Two wind turbines have popped up around HHP. Patrick, an organic farmer in Hockerton, has installed a Gaia 11kW and another local farmer has erected an Enercon E33 near Eakring. SYNERGY the transition group in our neighbouring town of Southwell is also working on plans to put up a community owned Enercon E33 south of the town at Brackenhurst (part of Nottingham Trent University).

Closer to home Sustainable Hockerton’s turbine the Vestas V29 has had a fantastic December with well over 50 000 kWh produced! – A record for one single month. At over 23p per unit that makes a good income for the village! Whether community owned or farmer led wind harvesting seems to be catching on around us.

 

Date posted: January 10, 2012 | Author: | No Comments »

Categories: Community Energy Renewable energy Wind Turbines

Hockerton’s community-owned wind turbine is beginning to reap financial rewards for both its shareholders and the village. It has just paid out its first interest payment to members of 5%, only 18 months after production started. It has also made money available to the village.

You can find out more of what Sustainable Hockerton have done on their web site and a take part video.

Date posted: July 13, 2011 | Author: | No Comments »

Categories: Community Energy Renewable energy Wind Turbines

luke_tilleyHockerton Housing Project are proud to announce that Luke Tilley, who has grown up at the project has been made captain of the Junior British Climbing Team. Luke is currently Junior British Champion for his age group and is now training hard to prepare for the World Championships in Imst (Austria) this summer.

Luke takes sustainability seriously and tries to minimise his carbon footprint despite his travel to European competitions. He is sponsored by Evolv, who are the first climbing shoe manufacturer to use a recycled rubber compound, and Prana, a climbing clothing company which powers its factory with wind energy (Natural Power Initiative).

From all at HHP, we wish Luke good luck in his future competitions and wisdom in his environmental choices!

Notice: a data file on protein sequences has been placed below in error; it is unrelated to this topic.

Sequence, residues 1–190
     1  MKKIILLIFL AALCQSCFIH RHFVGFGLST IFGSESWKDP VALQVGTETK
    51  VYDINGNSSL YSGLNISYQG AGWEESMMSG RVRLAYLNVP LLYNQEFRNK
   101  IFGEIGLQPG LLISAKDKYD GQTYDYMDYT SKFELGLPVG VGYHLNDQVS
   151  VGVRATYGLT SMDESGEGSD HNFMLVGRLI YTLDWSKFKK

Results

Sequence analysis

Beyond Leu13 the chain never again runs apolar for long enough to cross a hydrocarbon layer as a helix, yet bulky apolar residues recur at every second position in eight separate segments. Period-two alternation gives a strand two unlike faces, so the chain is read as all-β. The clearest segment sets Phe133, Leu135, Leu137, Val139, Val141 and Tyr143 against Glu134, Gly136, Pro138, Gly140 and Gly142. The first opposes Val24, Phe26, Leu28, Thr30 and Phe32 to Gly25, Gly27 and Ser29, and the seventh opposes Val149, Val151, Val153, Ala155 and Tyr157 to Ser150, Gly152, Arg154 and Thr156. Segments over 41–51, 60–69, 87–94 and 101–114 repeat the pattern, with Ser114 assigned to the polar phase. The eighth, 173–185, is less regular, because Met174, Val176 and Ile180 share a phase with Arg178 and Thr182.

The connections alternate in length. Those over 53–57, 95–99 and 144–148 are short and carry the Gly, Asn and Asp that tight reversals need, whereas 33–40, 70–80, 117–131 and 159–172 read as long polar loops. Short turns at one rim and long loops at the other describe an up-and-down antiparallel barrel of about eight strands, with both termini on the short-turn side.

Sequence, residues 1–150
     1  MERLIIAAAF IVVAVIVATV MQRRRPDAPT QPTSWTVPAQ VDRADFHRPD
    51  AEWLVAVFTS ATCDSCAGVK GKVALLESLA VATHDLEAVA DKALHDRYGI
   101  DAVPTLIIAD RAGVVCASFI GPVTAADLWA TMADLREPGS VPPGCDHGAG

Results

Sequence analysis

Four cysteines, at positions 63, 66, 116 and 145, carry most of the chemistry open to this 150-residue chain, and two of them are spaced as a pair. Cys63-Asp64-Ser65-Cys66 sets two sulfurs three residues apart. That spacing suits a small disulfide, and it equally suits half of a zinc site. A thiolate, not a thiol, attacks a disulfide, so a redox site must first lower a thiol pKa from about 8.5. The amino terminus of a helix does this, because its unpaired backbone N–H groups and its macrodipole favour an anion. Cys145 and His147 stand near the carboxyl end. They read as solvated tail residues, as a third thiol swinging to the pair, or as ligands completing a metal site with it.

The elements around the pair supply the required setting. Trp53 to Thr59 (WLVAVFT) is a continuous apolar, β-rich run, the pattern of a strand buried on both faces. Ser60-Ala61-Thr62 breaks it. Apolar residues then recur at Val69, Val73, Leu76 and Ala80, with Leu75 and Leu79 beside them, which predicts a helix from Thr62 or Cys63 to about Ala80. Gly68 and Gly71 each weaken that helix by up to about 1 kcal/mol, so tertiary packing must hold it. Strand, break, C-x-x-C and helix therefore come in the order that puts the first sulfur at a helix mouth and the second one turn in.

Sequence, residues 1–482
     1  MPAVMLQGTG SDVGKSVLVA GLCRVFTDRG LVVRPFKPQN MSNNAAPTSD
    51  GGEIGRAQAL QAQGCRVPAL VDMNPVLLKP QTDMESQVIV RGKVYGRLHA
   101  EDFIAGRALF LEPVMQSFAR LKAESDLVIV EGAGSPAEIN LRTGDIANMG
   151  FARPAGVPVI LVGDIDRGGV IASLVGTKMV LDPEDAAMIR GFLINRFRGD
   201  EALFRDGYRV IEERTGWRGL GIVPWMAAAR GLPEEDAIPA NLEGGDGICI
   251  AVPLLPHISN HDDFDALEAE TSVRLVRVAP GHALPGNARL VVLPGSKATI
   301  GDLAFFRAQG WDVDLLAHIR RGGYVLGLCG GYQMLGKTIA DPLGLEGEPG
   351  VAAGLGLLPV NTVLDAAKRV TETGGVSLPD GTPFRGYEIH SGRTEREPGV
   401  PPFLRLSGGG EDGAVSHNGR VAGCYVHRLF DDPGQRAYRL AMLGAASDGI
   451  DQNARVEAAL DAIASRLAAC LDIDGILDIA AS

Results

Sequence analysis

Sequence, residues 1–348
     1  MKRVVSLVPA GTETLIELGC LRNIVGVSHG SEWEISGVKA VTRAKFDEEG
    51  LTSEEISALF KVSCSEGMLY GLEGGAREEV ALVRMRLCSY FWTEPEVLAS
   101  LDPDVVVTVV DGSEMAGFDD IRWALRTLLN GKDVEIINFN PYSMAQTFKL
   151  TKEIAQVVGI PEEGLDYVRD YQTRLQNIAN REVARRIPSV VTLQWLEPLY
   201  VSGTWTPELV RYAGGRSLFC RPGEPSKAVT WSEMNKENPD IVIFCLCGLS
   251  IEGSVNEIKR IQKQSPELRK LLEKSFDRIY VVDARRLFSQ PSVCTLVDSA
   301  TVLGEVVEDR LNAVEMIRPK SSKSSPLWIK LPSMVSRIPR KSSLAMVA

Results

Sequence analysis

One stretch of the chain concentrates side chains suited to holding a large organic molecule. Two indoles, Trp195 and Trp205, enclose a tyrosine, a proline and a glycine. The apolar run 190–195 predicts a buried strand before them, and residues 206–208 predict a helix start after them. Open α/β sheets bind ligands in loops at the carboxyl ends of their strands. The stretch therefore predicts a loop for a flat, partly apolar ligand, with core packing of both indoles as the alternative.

Date posted: May 12, 2011 | Author: | No Comments »

Categories: Health and Well Being

We always welcome feedback from visitors, but rarely get as full a review as this…

I am in the Oil Industry and a pilot neither, I admit, the greenest of occupations. My Wife and I faced a major renovation and it seemed sensible to come to listen and learn.
 
What did I learn?
 

-A Hockerton house is not a ‘magic’ house.
 
-Don’t stick a B&Q windmill on top of your house

-It is highly unlikely many of us could achieve what Hockerton has, but, we can all do something. 

-the first step is to insulate, don’t waste energy.
 
-use ‘airlocks’
 
What do I know?
 

-conventional energy cost are going to rise.
 
-If I had the last barrel of crude oil in the world , I would not just burn it.
 
-If we don’t do something about carbon, its going to get hot and whilst it probably won’t affect conceited (very lucky) little me it is going to hurt those most in need. Millions of them.
 
-There are positive things we can do and very simple behaviours we can adopt that help; just that little bit.
 
So what did we do?
 

-Insulate! Get the house up to modern standards and prevent the energy haemorrhage.
 
-Build ‘airlocks’ and adopt the rule of Arctic living; we don’t open one airlock door until we have closed the other.
 
-Underfloor heat. Small delta T over a very large area is very efficient. Reduce to a minimum heating in areas not in use. [Here delta T is the temperature difference across two surfaces, how does it work]

-Build a conservatory to capture the heat from the sun. Isolate it in Winter or when there is no sun.
 
-Install GSHP: We yet to have long term use stats but advertised efficiency of 1:4 seems common sense. (Although at HHP our experience has not been so good, find out here.

-install a modern woodburner and have it ‘shared’ between two rooms by a little clever design. How can something so simple be so efficient?
 
-configure the kitchen to make the most of recycling so that it overcomes lazy human nature
 
-install a quooker; ie boil exactly what you use. No waste. (again…not sure of the stats over the long term but we will see)
 
-compost, harvest rainwater , grow our own and keep chickens. In terms of cost time and effort , no it is not effective but, it is a pleasure, tastes great (eggs and food, not the compost) and helps just that little bit.
 
-develop a ‘stingey’ attitude and aim to use and re-use everything. After a short while it becomes a habit.
 
In conclusion:
 

A visit to Hockerton is inspirational and motivational. We are doing a little bit as a result.

Date posted: April 29, 2011 | Author: | No Comments »

Categories: Eco homes Sustainable living

Hockerton's community-owned wind turbineThe media continue to follow the progress of our community-owned wind turbine with interest, and today BBC Nottingham provides an online update.

So far the turbine has generated over 240,000Kwh of electricity (latest figures from end of December 2010), the equivalent to saving the emission of 136 tonnes of CO2 into the atmosphere.

The energy generated to date is worth approximately £54,000 and Sustainable Hockerton is hoping to pay investors a return of 5% for its first year of operation, with remaining monies funding sustainable projects in the village.

Date posted: January 27, 2011 | Author: | No Comments »

Categories: Community Energy Renewable energy Wind Turbines